I was told, a long time ago, that it doesn't matter how much skill a player has. I mean, that matters, but eventually he's going to get figured out. How his career goes from there depends on how he responds to being figured out. After doing it that first time, his career will be a never-ending cycle of being figured out and adjusting his game to maintain a certain level of success. This would be the most common reason for the "sophomore slump".
Cam Newton started this season mired in a sophomore slump, trying to adjust his game to counteract the adjustments made by opposing defenses (that had all offseason to study the tape from his phenomenal rookie season). Through the first 10 weeks of the season, things looked bleak. Cam had turned the ball over 12 times and scored just 14 touchdowns. Those are hardly "superstar" numbers.
Somewhere around Week 11, Cam and his coaches figured out a counter-move and it's been relative smooth sailing ever since (albeit probably too late to save the job of his Head Coach). In his last 4 games, Newton has 11 touchdowns and have turned the ball over.........wait........no, he hasn't. He has put up the same amount of TDs in his last 4 games as he did in the first 9 of this season and he has done it without turning the ball over a single time. Yeah, that's a Superstar (with a capital S) that's headed into San Diego this week.
My goodness, Carolina has had a tough schedule so far this season. Look at this...
Two of those are probable playoff teams this season and the Saints aren't exactly chopped liver.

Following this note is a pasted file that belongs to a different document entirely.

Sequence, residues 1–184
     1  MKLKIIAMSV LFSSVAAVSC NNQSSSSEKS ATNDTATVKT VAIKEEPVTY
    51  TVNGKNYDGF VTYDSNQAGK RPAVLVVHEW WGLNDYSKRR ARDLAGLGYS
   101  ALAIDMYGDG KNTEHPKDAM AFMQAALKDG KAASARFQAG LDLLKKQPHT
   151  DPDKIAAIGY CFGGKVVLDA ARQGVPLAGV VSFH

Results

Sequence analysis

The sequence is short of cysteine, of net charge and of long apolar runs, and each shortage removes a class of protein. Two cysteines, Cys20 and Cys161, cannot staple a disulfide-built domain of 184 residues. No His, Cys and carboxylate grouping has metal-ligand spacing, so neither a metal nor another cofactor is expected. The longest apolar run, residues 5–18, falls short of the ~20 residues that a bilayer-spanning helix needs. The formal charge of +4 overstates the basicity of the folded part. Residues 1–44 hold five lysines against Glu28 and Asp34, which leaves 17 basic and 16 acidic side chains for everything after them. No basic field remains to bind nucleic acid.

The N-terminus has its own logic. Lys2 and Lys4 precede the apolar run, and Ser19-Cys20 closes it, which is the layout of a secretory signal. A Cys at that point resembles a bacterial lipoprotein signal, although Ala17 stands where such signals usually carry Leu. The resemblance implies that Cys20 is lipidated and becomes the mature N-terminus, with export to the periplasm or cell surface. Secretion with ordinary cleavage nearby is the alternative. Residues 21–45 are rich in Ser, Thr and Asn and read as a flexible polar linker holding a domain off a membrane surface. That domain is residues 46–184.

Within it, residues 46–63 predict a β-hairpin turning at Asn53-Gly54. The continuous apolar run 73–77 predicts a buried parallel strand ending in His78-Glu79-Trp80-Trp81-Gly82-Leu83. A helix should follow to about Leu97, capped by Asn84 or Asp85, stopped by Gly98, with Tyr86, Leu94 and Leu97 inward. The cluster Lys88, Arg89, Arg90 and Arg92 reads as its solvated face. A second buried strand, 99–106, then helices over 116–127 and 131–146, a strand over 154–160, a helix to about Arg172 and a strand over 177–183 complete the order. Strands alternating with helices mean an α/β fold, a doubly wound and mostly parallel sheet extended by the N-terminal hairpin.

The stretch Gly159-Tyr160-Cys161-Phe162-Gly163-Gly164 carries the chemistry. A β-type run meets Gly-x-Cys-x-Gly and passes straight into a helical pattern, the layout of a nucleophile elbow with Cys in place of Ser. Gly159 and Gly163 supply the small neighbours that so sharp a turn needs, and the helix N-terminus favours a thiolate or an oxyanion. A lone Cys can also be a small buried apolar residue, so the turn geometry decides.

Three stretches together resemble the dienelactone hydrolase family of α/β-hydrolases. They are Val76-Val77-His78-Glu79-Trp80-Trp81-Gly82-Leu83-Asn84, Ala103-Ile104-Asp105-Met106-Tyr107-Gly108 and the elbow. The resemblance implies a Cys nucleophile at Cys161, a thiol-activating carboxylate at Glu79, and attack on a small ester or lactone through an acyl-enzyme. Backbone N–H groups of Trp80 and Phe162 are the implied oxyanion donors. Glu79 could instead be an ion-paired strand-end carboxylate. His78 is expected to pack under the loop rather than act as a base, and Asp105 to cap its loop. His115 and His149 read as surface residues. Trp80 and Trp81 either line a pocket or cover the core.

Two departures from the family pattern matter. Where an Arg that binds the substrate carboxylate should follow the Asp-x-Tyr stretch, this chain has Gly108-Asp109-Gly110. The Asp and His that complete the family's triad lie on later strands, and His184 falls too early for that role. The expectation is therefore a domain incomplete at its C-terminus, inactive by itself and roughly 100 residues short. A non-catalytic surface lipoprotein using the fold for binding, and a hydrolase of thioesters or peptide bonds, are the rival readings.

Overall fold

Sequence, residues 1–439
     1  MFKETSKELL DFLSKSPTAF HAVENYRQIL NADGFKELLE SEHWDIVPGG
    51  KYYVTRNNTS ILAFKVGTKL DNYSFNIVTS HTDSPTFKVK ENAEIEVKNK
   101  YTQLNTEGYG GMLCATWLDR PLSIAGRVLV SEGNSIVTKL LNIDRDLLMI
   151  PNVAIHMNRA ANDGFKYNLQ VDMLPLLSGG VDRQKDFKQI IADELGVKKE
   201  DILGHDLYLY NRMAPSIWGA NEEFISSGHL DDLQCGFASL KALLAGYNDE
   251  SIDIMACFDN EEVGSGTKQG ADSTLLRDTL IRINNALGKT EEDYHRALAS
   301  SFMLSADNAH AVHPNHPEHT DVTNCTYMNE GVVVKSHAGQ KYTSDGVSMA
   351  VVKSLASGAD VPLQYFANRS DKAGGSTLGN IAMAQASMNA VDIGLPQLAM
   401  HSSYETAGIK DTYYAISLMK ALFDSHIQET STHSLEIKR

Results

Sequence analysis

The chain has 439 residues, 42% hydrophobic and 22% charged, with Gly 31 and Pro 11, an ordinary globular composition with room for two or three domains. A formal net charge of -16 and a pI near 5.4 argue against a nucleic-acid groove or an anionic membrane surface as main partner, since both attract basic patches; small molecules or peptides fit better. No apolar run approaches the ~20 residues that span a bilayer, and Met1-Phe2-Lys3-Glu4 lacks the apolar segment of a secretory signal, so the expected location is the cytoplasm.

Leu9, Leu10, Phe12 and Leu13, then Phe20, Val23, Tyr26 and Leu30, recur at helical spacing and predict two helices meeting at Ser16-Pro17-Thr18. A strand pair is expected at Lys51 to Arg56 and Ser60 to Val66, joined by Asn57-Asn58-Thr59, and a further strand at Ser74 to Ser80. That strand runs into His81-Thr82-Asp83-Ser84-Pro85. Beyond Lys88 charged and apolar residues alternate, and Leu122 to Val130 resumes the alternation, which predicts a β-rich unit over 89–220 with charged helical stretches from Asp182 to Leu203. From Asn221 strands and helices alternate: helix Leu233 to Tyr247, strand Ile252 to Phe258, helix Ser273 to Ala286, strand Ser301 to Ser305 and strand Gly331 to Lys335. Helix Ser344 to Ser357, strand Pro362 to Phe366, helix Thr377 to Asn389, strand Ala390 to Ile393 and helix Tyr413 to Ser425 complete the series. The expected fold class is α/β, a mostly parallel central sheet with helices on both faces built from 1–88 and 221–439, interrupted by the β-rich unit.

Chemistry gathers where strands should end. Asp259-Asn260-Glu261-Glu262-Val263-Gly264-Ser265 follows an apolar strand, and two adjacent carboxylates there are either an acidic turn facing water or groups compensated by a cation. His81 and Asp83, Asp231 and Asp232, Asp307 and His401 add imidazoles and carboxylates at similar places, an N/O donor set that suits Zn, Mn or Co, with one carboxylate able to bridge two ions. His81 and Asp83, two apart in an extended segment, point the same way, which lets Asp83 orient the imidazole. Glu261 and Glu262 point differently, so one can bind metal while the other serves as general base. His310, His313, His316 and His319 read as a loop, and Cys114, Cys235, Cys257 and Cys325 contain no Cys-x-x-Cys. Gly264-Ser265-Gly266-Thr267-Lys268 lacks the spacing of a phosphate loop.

If the season ended right now, the only teams that the Panthers have played that wouldn't be in the playoffs are the Redskins (1 game out), Cowboys (1 game out), Buccaneers (who will probably finish above .500), the Saints (who are still incredibly dangerous) and the Chiefs (who were playing with all the emotion of the Jovan Belcher situation). Can you find an easy game in that schedule? I can't. The Chargers might be the easiest matchup they've had this year, and the Panthers are rolling (winning 2 of their last 3 games).
The 2012 San Diego Chargers are 1-6 when they turn the ball over two or more times. The Carolina Panthers have forced opposing offenses to turn the ball over two or more times in 6 of their 13 games (and 3 of their last 5 games). This is a defense that forces turnovers going up against an offense that turns the ball over more than 22 other NFL teams.
The Chargers, and Philip Rivers, certainly have the capacity to play a mistake-free game and not turn the ball over. Heck, they've done it in 2 of their last 3 games. However, they've turned the ball over at least once in 10 of their 13 games this season, which makes it somewhat foolish to gamble on that possibility.